Lutathera Slows Disease Progression in Midgut Neuroendocrine Tumors

January 19, 2016

A novel drug, 177Lutetium-DOTATATE (Lutathera), significantly lowered the risk for disease progression or death among patients with previously treated, advanced midgut neuroendocrine tumors.

A novel drug, 177Lutetium-DOTATATE (Lutathera), significantly lowered the risk for disease progression or death among patients with previously treated, advanced midgut neuroendocrine tumors, according to the phase III results of the NETTER-1 trial.

Compared with patients treated with octreotide LAR 60 mg, treatment with 177Lutetium-DOTATATE resulted in about an 80% decreased risk for progression or death, according to data presented at a presscast ahead of the 2016 American Society of Clinical Oncology (ASCO) Gastrointestinal Cancers Symposium, held January 21–23 in San Francisco (abstract 194).

“While there have been few available systemic treatment options for patients progressing under somatostatin analogues, Lutathera has a major therapeutic benefit for this patient population,” said study author Jonathan R. Strosberg, MD, a medical oncologist at the Moffitt Cancer Center in Tampa, Florida.

According to Strosberg, many patients with midgut neuroendocrine tumors receive first-line treatment with a somatostatin analog such as octreotide. However, there are currently limited second-line therapeutic options for patients whose disease progresses on this treatment.

This phase III trial tested 177Lutetium-DOTATATE, a peptide receptor radionuclide therapy that combines hormone therapy and radiotherapy. The study included 230 patients with inoperable, progressive disease and randomly assigned them to four administrations of 177Lutetium-DOTATATE 7.4 GBq every 8 weeks or octreotide LAR 60 mg every 4 weeks.

At data analysis, 23 patients in the 177Lutetium-DOTATATE group had confirmed disease progression or death compared with 67 patients in the octreotide group. Median progression-free survival, the trial’s primary endpoint, was not yet reached among patients assigned the novel therapy compared with 8.4 months among patients assigned octreotide LAR (95% CI, 5.8–11 months; P < .0001). This equated to a 79% reduction in risk for progression or death among patients assigned 177Lutetium-DOTATATE (HR, 0.21; 95% CI, 0.13–0.34).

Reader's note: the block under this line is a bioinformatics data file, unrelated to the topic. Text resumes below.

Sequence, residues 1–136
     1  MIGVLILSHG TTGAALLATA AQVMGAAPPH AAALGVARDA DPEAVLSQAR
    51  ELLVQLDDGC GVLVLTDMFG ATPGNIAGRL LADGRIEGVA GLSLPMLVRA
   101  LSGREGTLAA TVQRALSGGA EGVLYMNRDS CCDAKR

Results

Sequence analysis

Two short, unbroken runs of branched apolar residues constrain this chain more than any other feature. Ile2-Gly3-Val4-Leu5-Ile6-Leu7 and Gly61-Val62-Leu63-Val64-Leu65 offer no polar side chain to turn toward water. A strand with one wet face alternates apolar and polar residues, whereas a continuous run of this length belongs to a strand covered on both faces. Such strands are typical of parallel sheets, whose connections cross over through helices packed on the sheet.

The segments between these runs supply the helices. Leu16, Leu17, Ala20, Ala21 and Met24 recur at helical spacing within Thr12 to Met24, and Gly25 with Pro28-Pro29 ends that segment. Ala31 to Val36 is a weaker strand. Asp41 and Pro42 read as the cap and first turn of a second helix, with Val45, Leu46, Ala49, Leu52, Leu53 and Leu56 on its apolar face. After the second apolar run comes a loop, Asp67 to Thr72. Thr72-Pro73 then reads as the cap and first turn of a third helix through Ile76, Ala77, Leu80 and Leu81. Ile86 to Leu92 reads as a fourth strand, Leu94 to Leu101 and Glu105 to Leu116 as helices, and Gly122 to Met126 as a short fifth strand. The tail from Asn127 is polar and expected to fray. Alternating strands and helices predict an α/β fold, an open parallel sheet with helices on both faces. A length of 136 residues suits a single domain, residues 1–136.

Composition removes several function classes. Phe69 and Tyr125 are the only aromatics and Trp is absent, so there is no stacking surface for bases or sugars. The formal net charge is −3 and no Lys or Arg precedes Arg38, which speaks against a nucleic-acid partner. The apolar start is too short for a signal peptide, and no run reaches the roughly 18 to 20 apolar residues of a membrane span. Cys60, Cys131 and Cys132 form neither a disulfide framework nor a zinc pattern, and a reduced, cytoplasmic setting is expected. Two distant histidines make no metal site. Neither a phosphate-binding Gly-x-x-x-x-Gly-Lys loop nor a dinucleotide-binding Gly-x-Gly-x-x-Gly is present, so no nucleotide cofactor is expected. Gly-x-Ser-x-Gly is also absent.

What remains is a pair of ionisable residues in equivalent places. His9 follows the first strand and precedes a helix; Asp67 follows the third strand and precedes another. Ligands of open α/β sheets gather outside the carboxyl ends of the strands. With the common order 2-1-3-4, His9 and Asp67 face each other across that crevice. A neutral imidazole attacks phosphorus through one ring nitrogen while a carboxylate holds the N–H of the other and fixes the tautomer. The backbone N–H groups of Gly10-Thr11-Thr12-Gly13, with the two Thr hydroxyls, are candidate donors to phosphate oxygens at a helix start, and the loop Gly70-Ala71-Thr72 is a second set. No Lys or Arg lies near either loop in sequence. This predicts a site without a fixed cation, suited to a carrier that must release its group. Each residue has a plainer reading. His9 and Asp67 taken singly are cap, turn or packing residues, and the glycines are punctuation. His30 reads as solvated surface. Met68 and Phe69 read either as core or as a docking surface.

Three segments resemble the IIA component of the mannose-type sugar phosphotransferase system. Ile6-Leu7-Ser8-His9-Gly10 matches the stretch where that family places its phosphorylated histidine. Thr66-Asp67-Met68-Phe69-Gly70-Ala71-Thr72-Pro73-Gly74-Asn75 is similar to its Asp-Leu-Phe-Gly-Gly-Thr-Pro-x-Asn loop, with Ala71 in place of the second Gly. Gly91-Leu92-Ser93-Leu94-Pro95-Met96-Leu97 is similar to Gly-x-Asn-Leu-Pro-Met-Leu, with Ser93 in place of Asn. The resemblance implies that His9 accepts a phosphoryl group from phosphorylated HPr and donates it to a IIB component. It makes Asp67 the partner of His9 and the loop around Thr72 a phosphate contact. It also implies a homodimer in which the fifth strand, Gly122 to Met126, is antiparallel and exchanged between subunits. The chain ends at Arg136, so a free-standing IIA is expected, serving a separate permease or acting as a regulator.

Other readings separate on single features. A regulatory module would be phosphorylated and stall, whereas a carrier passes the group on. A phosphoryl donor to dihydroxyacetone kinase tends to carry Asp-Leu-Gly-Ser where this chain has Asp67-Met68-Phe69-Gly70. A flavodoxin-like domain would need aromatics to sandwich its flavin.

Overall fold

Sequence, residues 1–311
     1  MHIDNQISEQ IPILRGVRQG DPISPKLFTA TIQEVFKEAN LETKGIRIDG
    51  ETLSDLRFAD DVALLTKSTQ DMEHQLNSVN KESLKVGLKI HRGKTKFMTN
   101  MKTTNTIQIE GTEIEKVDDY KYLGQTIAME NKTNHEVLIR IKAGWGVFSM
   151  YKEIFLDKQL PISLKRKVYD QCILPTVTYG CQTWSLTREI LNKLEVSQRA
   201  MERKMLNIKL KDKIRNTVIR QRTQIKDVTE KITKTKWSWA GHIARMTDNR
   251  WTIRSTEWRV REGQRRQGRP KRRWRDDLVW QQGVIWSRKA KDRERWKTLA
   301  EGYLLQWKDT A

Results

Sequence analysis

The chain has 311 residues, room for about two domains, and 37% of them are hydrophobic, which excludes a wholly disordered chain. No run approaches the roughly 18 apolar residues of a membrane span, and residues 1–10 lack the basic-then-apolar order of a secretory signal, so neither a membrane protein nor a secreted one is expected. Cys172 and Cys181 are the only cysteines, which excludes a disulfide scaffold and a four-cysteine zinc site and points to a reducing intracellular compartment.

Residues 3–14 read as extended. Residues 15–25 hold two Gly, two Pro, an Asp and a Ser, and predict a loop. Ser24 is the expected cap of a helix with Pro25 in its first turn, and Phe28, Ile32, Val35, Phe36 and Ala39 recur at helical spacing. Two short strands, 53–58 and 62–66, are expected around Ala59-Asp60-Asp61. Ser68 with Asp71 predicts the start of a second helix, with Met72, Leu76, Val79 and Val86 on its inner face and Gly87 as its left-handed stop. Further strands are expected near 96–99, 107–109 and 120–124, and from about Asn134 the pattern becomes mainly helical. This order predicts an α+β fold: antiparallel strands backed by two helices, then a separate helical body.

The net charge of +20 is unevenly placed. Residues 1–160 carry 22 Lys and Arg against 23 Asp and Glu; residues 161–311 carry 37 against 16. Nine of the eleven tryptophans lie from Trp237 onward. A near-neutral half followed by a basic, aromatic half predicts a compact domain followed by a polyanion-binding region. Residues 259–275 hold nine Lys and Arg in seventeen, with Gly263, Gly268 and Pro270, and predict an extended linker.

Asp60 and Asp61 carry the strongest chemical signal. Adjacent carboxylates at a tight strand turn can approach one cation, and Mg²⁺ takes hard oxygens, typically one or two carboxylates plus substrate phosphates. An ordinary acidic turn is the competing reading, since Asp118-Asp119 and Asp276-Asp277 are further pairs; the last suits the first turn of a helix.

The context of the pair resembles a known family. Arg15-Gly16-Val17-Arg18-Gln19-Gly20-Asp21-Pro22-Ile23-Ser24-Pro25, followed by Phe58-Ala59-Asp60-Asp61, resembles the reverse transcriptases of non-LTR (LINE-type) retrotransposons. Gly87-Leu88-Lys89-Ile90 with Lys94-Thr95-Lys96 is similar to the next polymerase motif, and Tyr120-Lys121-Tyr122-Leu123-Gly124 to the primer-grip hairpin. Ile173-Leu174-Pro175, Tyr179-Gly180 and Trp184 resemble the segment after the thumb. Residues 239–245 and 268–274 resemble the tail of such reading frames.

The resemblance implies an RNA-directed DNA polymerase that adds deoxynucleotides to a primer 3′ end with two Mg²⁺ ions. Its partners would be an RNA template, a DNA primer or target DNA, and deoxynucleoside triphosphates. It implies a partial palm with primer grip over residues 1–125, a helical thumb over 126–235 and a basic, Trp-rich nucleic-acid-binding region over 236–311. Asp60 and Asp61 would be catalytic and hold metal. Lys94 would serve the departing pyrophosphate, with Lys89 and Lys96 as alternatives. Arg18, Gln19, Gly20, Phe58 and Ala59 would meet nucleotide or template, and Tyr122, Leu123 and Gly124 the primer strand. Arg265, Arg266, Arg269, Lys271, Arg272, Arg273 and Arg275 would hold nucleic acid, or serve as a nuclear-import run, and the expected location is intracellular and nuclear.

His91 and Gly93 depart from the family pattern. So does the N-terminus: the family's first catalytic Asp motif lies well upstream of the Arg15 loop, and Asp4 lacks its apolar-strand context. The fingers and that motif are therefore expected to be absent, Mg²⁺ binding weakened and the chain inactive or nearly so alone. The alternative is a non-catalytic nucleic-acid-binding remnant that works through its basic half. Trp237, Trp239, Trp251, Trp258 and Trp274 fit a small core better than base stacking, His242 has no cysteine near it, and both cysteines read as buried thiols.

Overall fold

“With roughly a year and a half duration of follow-up thus far, we can see in the Kaplan Maier curve that the expected median progression-free survival is likely to be longer than 3 years in the experimental arm,” Strosberg said.

Significantly more patients assigned 177Lutetium-DOTATATE had tumor responses compared with patients assigned octreotide (18% vs 3%; P = .0008). There was one complete response and 17 partial responses in the 177Lutetium-DOTATATE arm compared with 3 partials responses in the octreotide arm.

An interim analysis of overall survival data showed 13 deaths had occurred among patients assigned 177Lutetium-DOTATATE compared with 22 in the octreotide group (P = .0186); however, Strosberg noted that in an interim analysis the threshold for statistical significance is .001, meaning this difference is not significant, but is suggestive of an improvement in overall survival.

Commenting on these results Smitha Krishnamurthi, MD, ASCO Spokesperson and the moderator of the presscast said, “Lutetium DOTATATE showed impressive ability to slow the growth of midgut neuroendocrine tumors that progressed on somatostatin analogue therapy. Also notable was that Lutetium DOTATATE resulted in a response rate of 18% in these tumors which are typically unresponsive to systemic therapy.”